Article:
Therefore, the best course of action is to erase all storage devices and start over, reinstalling everything from the ground up. After all traces of malware have been removed, backup and recovery solutions can be used to recover the data.
5. Put measures in place to prevent reoccurrence
Businesses are at risk for repeat attacks, even after restoring their systems. As mentioned earlier, 80% of organizations paying a ransom were subjected to a second attack. Therefore, organizations should implement protective measures to lower the risk of repeat attacks.
Preventing Ransomware Attacks
Ransomware attacks are evolving, and attack tactics are becoming more complex. Thankfully, businesses can keep ransomware from infiltrating their systems with careful preparation and smart procedures. Here are five practical strategies to keep ransomware from infiltrating an organization:
1. Educate employees
There are many ways that employees can stop cyber-attacks from happening. The human element is involved in 85% of data breaches. Therefore, training employees to take precautions such as protecting their passwords and not clicking on suspicious links greatly decreases the risk of infiltration.
2. Use email and endpoint protections
All emails should be checked for dangerous attachments and URLs. Additionally, firewalls and endpoint detection software should be kept up to date with the most recent malware signatures. Users should be alerted of out-of-network emails and provided with VPN access when they are not on the network.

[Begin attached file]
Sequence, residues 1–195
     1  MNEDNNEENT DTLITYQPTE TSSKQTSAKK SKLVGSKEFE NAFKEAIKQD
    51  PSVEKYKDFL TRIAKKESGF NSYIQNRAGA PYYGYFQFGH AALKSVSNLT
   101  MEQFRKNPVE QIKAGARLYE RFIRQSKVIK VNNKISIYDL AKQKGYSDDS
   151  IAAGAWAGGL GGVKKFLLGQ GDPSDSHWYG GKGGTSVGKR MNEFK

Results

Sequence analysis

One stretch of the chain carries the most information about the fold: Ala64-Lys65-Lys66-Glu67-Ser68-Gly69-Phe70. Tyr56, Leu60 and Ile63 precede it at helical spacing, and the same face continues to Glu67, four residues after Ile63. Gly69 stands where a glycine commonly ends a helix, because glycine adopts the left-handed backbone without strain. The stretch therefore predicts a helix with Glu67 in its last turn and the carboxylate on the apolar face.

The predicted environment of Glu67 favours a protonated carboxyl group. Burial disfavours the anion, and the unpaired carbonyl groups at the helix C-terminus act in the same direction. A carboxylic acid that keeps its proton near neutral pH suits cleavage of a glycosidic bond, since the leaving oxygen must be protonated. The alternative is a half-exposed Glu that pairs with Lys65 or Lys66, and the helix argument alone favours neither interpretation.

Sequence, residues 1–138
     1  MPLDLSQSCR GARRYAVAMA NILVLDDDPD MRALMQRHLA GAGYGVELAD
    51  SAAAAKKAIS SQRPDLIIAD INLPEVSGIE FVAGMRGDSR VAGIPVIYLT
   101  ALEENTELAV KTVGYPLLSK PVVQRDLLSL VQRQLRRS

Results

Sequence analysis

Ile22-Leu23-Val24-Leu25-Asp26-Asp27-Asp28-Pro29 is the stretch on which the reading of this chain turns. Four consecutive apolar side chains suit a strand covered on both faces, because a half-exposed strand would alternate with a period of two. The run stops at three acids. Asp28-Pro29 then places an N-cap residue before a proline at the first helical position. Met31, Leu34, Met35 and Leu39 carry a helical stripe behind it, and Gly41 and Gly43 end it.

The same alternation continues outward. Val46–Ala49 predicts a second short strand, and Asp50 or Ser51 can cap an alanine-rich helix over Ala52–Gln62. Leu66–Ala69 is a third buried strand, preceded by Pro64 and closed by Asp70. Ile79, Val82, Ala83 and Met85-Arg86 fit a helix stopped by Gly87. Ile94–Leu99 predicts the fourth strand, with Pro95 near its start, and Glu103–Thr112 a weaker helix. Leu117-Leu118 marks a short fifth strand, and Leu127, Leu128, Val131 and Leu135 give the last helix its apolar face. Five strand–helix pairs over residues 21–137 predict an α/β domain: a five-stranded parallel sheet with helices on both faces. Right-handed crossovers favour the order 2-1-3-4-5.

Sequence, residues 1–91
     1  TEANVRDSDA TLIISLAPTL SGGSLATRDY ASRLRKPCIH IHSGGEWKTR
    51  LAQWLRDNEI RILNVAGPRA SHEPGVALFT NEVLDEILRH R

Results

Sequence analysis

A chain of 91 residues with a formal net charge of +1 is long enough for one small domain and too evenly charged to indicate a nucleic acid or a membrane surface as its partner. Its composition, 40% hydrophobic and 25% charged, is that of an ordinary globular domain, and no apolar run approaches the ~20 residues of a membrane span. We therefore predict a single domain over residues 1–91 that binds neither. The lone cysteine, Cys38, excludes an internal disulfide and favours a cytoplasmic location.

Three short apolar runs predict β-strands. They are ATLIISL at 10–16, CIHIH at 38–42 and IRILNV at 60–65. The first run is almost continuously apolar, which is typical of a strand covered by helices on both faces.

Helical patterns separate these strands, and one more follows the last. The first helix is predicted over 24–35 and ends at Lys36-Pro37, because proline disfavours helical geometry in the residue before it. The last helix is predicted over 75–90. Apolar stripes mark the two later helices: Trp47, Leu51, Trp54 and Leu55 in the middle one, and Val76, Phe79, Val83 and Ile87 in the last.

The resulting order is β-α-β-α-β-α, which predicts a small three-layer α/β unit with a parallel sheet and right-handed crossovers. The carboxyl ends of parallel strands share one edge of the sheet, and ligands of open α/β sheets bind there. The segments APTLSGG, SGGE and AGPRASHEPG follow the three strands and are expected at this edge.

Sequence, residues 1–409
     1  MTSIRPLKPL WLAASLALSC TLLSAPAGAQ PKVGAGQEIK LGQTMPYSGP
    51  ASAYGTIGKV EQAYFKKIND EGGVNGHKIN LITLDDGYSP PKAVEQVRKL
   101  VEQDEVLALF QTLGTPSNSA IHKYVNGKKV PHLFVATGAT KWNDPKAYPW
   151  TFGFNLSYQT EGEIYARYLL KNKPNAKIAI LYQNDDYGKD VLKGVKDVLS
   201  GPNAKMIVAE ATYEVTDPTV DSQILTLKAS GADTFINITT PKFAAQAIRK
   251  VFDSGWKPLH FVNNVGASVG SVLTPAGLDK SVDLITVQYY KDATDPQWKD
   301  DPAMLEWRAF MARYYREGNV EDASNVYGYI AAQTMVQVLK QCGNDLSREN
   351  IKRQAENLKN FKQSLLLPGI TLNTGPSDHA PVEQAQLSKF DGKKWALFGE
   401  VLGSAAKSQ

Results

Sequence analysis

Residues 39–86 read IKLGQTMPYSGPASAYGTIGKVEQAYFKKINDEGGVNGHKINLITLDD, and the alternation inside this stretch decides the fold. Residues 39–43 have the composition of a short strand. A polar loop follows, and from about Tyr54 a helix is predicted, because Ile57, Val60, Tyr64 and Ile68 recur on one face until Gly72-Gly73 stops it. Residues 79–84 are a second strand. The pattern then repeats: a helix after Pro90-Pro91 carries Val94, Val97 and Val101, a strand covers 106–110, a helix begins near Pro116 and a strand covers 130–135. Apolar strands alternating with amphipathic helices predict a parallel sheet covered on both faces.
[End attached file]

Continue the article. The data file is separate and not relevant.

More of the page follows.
3. Implement an Intrusion Detection System (IDS)
An Intrusion Detection System (IDS) scans network traffic records for malicious behavior by comparing them to signatures that recognize known malicious activity. A strong IDS will often update signatures and give a warning if it finds potentially harmful behavior.
4. Keep systems up to date
All an organization’s operating systems, apps, and software should be kept up to date. The most recent updates will assist in closing security gaps that attackers can exploit. Businesses should turn on auto-updates whenever feasible to ensure that the most recent security fixes are in use.
5. Maintain frequent backups
Businesses should perform frequent backups of any essential or sensitive data and systems. It is also important to have a plan in the case of a ransomware attack. Access to backup files should be limited since attackers frequently target backup files to prevent an organization from restoring data. Backup data that has been infiltrated cannot be used to restore data. This where a 3-2-1 backup strategy shines best, as it ensures there is always 3 copies of data including one offsite.
Taking Precautions Against Ransomware
Over the previous two years, cybercrime has surged. Changes in infrastructure due to COVID-19 brought several security flaws into previously well-secured networks, leaving many organizations vulnerable to cyberattacks. Preparedness and due diligence in an organization’s IT systems and practices are the most effective ways to prevent ransomware.
Outsource IT are the go-to experts in the Greater Toronto area and Ontario when it comes to IT security and ransomware prevention. To learn more about or Business IT Security services contact an Outsource IT account manager today.